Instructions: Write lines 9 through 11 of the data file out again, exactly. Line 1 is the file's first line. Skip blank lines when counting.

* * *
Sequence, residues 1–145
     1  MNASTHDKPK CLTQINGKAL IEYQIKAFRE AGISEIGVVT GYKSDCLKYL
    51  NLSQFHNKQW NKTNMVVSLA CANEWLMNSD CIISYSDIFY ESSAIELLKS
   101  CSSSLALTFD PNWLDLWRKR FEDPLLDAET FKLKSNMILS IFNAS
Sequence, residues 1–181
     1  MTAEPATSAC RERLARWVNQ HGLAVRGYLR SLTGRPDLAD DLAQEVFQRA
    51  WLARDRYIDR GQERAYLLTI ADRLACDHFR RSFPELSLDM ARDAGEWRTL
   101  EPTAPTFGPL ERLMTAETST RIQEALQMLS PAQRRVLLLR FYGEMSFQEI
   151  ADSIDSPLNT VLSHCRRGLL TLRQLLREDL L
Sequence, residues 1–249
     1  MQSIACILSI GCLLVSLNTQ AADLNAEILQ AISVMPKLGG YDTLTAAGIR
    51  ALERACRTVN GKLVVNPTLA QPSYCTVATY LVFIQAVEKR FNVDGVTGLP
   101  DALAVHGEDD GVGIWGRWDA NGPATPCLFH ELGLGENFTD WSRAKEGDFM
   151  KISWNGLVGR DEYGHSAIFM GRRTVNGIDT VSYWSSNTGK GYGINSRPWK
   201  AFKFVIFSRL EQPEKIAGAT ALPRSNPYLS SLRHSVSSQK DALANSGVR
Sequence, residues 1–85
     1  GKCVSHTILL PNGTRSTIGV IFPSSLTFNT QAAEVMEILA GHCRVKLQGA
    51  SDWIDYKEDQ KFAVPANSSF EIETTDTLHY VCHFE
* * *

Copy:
   151  ADSIDSPLNT VLSHCRRGLL TLRQLLREDL L
Sequence, residues 1–249
     1  MQSIACILSI GCLLVSLNTQ AADLNAEILQ AISVMPKLGG YDTLTAAGIR